People wait in line Monday to early vote at the Madison County Courthouse. Photos by Rod Harrington for The Record.
People wait in line Monday to early vote at the Madison County Courthouse. Photos by Rod Harrington for The Record.

A total of 455 people had voted early as of about noon on Tuesday, according to Madison County Clerk Tamitha Blocker.

In addition, 686 absentee ballots have been sent to voters, Blocker said.

In 2016, the last presidential election, a total of 2,334 people voted early while 143 voted by absentee ballot, Blocker said.

More than 300 people voted early on Monday at the Madison County Courthouse, the first day of early voting in Arkansas.

“It was a zoo, but it worked really well. People were very patient and we got them through pretty quickly,” Blocker said on Tuesday. “We had a good turnout for the first day in that it’s comparable to the day before elections normally, and we had 336 [on Monday]. I don’t know if it was a record, but it was probably right up there.”

Blocker said the election between President Donald Trump and former Vice President Joe Biden brought a lot of people to the polls on Monday.

“Most of it’s driven by the presidential election, from what we’ve been hearing from the people,” she said.

Other races include seats on the Madison County Quorum Court and two races for state representatives who represent parts of the county.

Blocker said she expects Nov. 2, the day before the General Election, to be another big day for early voting.

“For whatever reason, people wait until the last minute so it’s always busy and there’s always a line, even on a year when we’re not dealing with Covid,” she said.

Voters were given the option this year of voting with absentee ballots, instead of early voting or voting on Nov. 3, due to the Covid-19 Pandemic.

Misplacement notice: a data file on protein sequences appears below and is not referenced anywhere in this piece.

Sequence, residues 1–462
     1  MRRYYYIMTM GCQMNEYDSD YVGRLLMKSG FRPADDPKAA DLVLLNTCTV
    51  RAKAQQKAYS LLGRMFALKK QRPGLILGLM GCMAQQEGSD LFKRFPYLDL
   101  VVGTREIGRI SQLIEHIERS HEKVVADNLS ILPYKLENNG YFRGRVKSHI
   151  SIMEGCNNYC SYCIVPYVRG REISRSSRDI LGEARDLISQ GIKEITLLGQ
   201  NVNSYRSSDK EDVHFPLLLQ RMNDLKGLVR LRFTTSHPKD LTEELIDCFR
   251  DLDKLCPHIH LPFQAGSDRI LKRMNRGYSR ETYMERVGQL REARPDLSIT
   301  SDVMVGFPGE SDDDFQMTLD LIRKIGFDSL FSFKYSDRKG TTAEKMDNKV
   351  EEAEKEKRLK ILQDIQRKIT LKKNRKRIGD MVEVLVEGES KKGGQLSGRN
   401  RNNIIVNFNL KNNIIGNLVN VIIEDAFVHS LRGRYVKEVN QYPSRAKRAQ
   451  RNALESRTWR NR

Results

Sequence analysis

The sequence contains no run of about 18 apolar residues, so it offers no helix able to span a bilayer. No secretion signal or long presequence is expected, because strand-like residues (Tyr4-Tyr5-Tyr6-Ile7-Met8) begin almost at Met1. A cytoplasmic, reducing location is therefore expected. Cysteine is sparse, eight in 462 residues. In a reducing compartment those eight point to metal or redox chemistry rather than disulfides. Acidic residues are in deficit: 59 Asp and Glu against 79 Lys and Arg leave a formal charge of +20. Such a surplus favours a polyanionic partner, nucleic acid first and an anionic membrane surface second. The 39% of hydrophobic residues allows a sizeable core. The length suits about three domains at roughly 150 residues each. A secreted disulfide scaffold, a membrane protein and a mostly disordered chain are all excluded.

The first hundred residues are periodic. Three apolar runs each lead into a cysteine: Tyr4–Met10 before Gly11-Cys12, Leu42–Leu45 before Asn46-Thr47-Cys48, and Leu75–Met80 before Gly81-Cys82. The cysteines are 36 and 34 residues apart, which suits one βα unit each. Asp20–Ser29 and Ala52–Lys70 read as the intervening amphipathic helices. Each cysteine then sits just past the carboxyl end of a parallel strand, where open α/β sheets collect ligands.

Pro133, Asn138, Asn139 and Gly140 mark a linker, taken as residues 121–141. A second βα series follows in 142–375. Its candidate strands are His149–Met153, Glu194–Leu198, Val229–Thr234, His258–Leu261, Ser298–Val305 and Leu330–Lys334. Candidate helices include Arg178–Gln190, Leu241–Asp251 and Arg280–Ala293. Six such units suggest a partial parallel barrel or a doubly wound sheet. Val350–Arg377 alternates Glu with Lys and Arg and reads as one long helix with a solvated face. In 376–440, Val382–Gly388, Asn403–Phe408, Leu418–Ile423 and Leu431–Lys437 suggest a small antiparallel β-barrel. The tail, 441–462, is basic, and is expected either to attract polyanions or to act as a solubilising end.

There were seven voting machines set up at the courthouse for early voting, with seven to eight poll workers each day.

“I think it [Monday] went pretty smoothly. So far so good,” Blocker said.

“We’ve got some of our poll workers that are actually coming in and working a day to get some hands-on training,” Blocker said.

“We just want people to plan ahead,” she said. “There will be long lines. This is a presidential election, so it’s the busiest election of the four-year cycle. We do have the new equipment and a lot of voters haven’t used it before. ... And there’s a lot on the ballot, the amendments and everything, so if people come unprepared and they haven’t studied up on those issues, that’s going to take extra time for them to vote, so the lines may back up a little.”

Early voting at the courthouse is taking place this week and next from 8 a.m. to 6 p.m. Monday-Friday and from 10 a.m. to 4 p.m. on Saturday. The last day to early vote will be from 8 a.m. to 5 p.m. on Monday, Nov. 2. The General Election will be held on Tuesday, Nov. 3.

A registered voter in Madison County can vote at any of the five voting centers on Nov. 3, regardless of where they live in the county.

The five voting centers in Madison County are Hindsville First Baptist Church, Huntsville Missionary Baptist Church, Kingston Community Building, St. Paul Community Building and Wesley Community Building. 

During the March Primary Election, 2,734 people voted at the five vote centers. A total of 624 voted in Huntsville, 375 in Hindsville, 335 in Wesley, 294 in St. Paul and 144 in Kingston. 

Because of social distancing on Nov. 3, only a few voters at a time will be allowed inside a voting center. Blocker said poll workers will wear protective gear. Voters are not required to wear masks, though it is recommended.